Stop the muthafukkin' presses!!!
Vaulties, if you read this blog regularly you know I always strive to alert you to stuff worth your time, and with the upcoming Astro Boy movie opening in less than a month — which, for the record, I do not support for a number of "if it ain't broke, don't fix it" reasons (yet I will see it just so I can legitimately comment on it, so I'm a two-faced douche) — the book I'm about to recommend could not possibly have rolled around at a better time. Y'see, I just read an advance copy of Abrams Comicarts's THE ART OF OSAMA TEZUKA: GOD OF MANGA and loved it so much I would have tender, loving sex with it if it were equipped with compatible genitalia.
My lifelong fascination with and deep love of superheroes began in my very early youth with exposure to the animated versions thereof, and among the first heroes to have a massive impact upon me was Astro Boy, without question the most internationally famous of tezuka's scores of creations. He's the adorable little robot guy seen above and to those unfamiiar with him he may look a typical Japanese "kawai" character, meaning all cuteness and little or no substance, but that could not be further from the truth. By my estimation Astro Boy is one of the great superheroes in the entire genre, regardless of what country and culture spawned him, bearing as he does a tragic origin, a powerful allegorical point to his existence, and his status as perhaps the cutest hero ever to be such a complete and total indomitable badass.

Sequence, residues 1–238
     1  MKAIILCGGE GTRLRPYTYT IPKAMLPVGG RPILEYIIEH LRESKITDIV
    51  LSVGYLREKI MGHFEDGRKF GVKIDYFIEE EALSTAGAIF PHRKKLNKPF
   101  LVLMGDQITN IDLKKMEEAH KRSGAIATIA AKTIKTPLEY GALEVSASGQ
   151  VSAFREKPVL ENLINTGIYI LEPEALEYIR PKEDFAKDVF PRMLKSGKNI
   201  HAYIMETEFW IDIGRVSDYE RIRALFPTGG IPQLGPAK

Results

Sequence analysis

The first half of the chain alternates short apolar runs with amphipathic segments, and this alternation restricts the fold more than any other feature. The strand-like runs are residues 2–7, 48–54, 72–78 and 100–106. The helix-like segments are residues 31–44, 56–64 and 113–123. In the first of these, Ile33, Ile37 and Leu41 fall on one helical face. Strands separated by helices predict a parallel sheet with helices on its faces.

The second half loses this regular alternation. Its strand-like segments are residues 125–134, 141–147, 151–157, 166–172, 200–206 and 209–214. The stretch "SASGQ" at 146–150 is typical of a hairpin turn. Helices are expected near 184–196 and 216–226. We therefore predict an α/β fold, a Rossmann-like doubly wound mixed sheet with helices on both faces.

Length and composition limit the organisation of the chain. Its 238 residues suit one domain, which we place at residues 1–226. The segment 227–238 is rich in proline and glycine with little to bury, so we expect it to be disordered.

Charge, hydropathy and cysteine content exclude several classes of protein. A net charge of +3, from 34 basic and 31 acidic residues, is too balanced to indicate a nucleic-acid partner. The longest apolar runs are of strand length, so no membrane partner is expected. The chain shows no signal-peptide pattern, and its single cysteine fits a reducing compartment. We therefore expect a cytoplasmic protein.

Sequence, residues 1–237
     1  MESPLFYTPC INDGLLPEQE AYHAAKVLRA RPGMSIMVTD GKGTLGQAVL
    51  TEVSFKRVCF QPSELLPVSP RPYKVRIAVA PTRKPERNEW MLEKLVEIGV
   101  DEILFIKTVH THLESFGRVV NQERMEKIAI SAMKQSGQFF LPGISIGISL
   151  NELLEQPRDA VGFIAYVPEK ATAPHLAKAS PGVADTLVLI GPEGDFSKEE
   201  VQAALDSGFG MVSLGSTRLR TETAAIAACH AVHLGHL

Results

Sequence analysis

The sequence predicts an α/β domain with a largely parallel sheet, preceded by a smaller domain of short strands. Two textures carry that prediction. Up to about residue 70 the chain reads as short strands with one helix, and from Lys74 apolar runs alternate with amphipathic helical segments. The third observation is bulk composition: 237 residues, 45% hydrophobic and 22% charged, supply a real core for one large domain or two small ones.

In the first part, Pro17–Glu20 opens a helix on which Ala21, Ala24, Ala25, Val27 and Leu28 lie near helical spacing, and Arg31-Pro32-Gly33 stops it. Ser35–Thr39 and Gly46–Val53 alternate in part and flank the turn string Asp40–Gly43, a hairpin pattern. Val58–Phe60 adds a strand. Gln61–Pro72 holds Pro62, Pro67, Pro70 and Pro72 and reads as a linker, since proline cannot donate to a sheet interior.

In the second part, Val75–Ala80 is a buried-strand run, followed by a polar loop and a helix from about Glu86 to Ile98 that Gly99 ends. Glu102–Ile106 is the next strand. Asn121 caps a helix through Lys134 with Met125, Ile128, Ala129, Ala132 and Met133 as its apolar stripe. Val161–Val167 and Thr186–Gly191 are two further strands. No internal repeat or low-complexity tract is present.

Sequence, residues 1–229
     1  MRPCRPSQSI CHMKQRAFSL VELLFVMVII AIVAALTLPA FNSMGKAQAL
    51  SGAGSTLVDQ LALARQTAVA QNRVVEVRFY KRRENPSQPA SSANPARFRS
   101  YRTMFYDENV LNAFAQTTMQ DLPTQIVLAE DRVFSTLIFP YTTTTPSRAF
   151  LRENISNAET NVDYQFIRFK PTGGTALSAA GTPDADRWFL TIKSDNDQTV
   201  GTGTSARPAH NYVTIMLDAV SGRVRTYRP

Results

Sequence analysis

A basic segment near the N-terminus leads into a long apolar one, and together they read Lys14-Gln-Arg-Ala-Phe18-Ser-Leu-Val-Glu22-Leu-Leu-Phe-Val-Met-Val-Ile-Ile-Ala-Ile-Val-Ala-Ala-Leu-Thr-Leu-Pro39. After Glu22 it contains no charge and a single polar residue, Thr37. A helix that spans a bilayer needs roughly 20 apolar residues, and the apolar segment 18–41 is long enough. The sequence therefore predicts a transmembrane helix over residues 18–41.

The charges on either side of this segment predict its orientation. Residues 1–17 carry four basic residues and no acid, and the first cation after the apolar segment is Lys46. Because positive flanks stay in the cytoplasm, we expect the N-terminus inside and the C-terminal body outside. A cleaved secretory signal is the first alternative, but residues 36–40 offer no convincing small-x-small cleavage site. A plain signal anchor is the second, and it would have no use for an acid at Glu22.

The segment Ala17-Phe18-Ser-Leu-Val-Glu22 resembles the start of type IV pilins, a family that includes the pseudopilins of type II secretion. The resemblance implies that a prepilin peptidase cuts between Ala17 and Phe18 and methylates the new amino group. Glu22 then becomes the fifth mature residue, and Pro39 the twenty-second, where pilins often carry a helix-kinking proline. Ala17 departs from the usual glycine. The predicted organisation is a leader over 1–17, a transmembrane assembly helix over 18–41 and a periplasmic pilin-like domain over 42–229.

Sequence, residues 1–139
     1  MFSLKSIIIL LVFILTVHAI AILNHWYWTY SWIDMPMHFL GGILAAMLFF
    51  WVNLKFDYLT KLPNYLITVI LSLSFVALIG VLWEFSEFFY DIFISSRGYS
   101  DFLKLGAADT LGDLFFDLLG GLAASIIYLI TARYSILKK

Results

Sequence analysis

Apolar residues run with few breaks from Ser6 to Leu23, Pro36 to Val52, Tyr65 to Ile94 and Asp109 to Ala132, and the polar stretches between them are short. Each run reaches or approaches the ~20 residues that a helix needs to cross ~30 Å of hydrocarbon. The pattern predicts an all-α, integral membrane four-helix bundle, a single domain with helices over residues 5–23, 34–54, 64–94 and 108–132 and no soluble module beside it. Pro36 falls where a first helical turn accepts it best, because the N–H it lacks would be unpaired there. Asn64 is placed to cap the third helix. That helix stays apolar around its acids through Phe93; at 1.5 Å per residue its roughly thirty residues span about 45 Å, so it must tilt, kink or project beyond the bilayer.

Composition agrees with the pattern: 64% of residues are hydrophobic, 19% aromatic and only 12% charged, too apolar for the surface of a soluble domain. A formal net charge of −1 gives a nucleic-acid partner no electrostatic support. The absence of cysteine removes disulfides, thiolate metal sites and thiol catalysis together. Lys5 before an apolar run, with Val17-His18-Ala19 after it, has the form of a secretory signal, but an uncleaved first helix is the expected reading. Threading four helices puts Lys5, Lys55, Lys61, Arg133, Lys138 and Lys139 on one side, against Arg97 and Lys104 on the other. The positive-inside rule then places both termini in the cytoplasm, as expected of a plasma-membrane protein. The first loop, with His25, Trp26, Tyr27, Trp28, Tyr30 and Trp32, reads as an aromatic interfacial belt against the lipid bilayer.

Astro Boy aside, Tezuka's impact on manga and anime is impossible to overestimate, and there's a reason that the guy was called the "God of Manga." I'll give this book a proper and well-deserved review when my schedule allows, but take my word that this is one of the indispensable comics history tomes that absolutely belongs on the enthusiast's shelf. A ten out of ten across the board, this is the finest book ever done on Tezuka in English and would be virtually impossible to improve upon. The damned thing even comes with a DVD documentary showing Tezuka's creative process. Did you know the guy produced twenty pages per day? Yes, you read that right: twenty pages per day!!! They just don't make 'em like Tezuka anymore, bwah... HIGHEST RECOMMENDATION.